Literal, yes, that rang a bell: a clue
why metaphors sink like lead in quicksand.
The glass, famously half empty: that’s due
to some negative universe, a band
most often playing in a minor key?
Mix sanguine in and things look much brighter.
It takes hold so quickly. The chemistry
is such that everything soon seems lighter.

When that glass fills up, claret or amber,
the bow, taken up, regains its camber. 


4. Three 
Morphine clears a path; it was requested,
he learned at the wake. The bigger friar
of the two—perhaps he was a father—
set his remarks on women and offspring:
how life’s quickening registered as joy.
(Invoking it seemed oddly apropos.)
Three generations of the female line
were noted. The eldest, recently dead,
witnessed this mutely. My theory (self-awareness
persists a bit) foundered on a body
from which all signs of life had departed.
“All used up” came to mind, admirable
in its economy of means. No doubt
that her material life lost its spark. 

5. Fork 
"Ask someone else," the woman said, turning
back to whatever it was, blocked from my sight.
In the cafés of life, I'm still learning
to distinguish a wrong move from a right.
We spoke of art as he drank his wine, art
that sometimes lived in, the remove as slight
as one remembered. Did he give a start?
Time's distance is no match for the flight
of memory. Like how I can hear you
as they must have too, your door open. "Sounds
like thunder," they might have said. If they knew,
geologic terms could have made the rounds—
seismic, perhaps, or volcanic—but then
memories fork, don't they, now and again? 

6. Neck 
Long-legged with dark slippers, tatami
cushioning the blow; hair clipped, wedding ring
a bronze band; a boyish face. Can't you see?
Her neck was how a lover views it. Sing,
oh muse, of how her back would arch, taken
dog-wise, wet from earlobes caressed, parting 
lips somewhere along the way. Mistaken
as we sometimes are, drifting, departing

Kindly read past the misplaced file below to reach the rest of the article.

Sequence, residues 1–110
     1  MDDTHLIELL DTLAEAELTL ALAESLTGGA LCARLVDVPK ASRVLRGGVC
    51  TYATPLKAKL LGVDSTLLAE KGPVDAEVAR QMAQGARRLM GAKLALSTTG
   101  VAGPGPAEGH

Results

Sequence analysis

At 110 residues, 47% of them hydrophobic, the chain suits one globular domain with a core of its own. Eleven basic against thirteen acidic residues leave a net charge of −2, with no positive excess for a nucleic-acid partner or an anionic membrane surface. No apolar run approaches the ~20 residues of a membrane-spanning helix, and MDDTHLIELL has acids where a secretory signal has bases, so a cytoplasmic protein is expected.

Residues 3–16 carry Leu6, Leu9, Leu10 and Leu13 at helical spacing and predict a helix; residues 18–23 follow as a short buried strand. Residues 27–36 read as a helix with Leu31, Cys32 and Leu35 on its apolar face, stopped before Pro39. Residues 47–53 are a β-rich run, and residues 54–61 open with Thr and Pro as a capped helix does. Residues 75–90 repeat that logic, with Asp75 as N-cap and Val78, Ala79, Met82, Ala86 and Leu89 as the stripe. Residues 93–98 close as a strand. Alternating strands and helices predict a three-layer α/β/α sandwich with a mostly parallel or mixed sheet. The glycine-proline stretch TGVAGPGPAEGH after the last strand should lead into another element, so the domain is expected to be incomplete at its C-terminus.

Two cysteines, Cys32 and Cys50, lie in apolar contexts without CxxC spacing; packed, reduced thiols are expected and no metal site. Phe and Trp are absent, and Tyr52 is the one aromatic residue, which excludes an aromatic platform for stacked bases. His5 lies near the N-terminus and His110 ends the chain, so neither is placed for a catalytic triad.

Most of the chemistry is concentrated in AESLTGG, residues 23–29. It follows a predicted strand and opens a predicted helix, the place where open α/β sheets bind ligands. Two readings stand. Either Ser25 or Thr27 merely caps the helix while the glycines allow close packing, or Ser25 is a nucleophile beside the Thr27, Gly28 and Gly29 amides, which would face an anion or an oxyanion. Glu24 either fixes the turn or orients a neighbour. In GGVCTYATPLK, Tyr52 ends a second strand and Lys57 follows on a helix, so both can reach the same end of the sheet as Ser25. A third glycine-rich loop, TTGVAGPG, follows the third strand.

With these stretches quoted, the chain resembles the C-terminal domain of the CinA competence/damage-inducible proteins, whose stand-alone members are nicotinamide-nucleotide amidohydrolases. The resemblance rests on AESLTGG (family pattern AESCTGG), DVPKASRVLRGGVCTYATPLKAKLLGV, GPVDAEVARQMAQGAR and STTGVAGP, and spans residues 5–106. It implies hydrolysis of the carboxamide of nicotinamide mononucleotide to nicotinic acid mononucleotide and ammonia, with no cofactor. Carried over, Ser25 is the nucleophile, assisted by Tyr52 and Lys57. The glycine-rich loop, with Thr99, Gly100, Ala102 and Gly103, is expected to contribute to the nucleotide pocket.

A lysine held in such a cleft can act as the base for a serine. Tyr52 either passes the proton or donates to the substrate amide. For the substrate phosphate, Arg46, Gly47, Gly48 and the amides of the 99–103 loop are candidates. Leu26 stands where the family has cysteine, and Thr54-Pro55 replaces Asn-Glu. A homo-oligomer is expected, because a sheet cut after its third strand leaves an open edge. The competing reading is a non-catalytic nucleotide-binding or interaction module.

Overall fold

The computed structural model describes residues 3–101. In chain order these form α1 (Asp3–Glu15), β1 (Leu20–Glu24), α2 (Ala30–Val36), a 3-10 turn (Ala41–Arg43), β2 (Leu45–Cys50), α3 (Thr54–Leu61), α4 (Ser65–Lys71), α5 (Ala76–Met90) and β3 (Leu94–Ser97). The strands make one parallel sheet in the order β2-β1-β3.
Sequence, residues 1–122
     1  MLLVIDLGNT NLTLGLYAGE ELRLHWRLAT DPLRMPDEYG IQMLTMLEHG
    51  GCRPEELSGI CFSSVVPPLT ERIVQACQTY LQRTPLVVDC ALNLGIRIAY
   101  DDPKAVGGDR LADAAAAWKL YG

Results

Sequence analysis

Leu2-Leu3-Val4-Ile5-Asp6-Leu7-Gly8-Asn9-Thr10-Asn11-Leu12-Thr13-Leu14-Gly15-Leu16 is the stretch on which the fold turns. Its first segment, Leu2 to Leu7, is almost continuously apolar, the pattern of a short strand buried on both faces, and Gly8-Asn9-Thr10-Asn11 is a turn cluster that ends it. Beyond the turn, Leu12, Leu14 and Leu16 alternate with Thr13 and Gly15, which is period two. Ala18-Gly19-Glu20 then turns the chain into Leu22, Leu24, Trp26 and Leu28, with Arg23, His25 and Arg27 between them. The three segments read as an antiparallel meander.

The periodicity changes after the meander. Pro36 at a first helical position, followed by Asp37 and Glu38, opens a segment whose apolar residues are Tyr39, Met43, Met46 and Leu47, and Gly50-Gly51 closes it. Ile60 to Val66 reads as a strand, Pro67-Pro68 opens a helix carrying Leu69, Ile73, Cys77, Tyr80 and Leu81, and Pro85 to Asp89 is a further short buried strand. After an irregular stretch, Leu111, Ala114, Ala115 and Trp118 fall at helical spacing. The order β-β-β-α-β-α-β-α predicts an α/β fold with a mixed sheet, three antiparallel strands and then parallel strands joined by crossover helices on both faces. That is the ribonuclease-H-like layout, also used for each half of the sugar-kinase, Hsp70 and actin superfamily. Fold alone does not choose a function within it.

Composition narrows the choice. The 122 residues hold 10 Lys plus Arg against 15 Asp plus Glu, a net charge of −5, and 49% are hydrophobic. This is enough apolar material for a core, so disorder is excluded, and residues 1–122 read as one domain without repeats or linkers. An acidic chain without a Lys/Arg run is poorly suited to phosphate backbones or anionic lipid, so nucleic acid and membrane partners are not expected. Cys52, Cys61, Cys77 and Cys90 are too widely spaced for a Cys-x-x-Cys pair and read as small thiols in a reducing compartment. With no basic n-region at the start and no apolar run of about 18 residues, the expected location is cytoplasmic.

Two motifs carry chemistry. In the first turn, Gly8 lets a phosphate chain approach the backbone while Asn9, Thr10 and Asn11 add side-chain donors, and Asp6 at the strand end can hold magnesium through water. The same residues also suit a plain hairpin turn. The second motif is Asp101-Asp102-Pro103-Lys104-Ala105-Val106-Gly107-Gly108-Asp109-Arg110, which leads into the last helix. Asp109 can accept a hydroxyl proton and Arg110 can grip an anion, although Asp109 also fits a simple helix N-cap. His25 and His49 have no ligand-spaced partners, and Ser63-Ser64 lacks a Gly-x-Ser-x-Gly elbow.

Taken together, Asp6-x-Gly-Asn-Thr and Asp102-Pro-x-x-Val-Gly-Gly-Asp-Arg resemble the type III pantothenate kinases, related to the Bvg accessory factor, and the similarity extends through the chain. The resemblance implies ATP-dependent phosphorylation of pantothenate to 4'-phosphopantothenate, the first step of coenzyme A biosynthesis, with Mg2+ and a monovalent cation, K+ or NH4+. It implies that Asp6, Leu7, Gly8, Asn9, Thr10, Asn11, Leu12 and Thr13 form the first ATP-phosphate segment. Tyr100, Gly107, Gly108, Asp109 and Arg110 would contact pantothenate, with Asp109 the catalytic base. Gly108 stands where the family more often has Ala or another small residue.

all too soon, her cries echoing, leaving
marks, sheets pulled by hands grasping. Holding still
until taken, until taken, the thing
aching as it often does, taken ill.
Impatient as we sometimes are: depart
too soon, drifting, humming, living one's art.

(“Neck” is in memory of Gabriele d’Annunzio, 1863–1938.) 


III. Notes to Self

1. Somewhere 
Inside the room, inside the head: one could
write stories of such stasis: nothing goes
right or wrong; there’s neither must do nor should.
Around the desk, around the chair, life flows
like a mysterious substance. Women
came and went. The book lies upside-down, tent
of paper and board, small markings like Zen:
those koans, so hard to read, if they meant
anything to anyone else: doubtful.
Cats also came and went. A jay lands, screams.
The mind wanders in its confining skull.
Somewhere, it thinks, a woman dreams or creams.

Wake! A cloud of sanguinity draws close.
A black bee, meandering, snorts a dose. 


2. Prokofiev 
Prokofiev wasn't so very nice. 
"Like you," you might have said, eyes turned away. 
His wife, devoted, kept the flame. "The spice 
of cruelty stays with you," I heard her say, 
remembering his self-centeredness. "Tough luck 
if he was cruel; the spice of it rubbed raw 
the mind that animates the parts that fuck, 
and of course he was brilliant, as you saw." 
Your eyes turn back, then look away again—
at least they do so in my thoughts. Days pass 
between us, even weeks. Like a surgeon, 
time cuts things up: big, silent gaps, alas. 
"I light a cigarette," she said, "and touch 
the parts that ache, though by now not as much."

3. Love
I want to write out love’s true story: hearts
melded into flesh, is that how it is?
The truth of love—many scenes, many parts!
Each folds back on the other: how it is.
He takes her trembling self in hand, rocket
that she is. He’s like a match, and as dumb,
column-straight, ignition in his pocket,
then bent down at the gate, mind switched to numb.
How like a horse plowing, running blindly—

love is a field to him, love is a course.
That another's aflame, a rising sea
behind those eyes, deep in that matted source—

these facts pass like trees and houses, the road south,
the beaten path, the curve of lips, the mouth. 


4. Two
I want to write out love’s true story: talk
accompanies love, does it not? Before
and after is the rule, but sometimes you talk
throughout, albeit in single words or more,
short phrases or demands. Conversation
comes in between, those moments of cooling
after the long sprint, the respite of come,
when our beings briefly reign, no fooling,
as twin monarchs of all we survey: bed
and linen, walls, a view. For some reason
the mind is freed. Unwritten, what is said,
yet remembered, some of it—the season,
what you asked, how I felt; reality
consisting then of us, we two, only.



5. Yet
I want to write out love's true story: none
should imagine themselves safe from its wiles.
Promises are made and broken. The sun
is barely risen and we're plunged in: trials
that blaze up at some points or are subtle,
a word or two inserted: how it is.
A once-intact world becomes a muddle.
Where did it go, you ask, where went the fizz?
More to the point, where went concord, hard won?
Time counts for nothing. Years fail to add up.
Understandings fall away. The wan sun
will have set on them long before you sup.
And yet, and yet: desire pulls you in:
a flash of good humor, a look: heaven.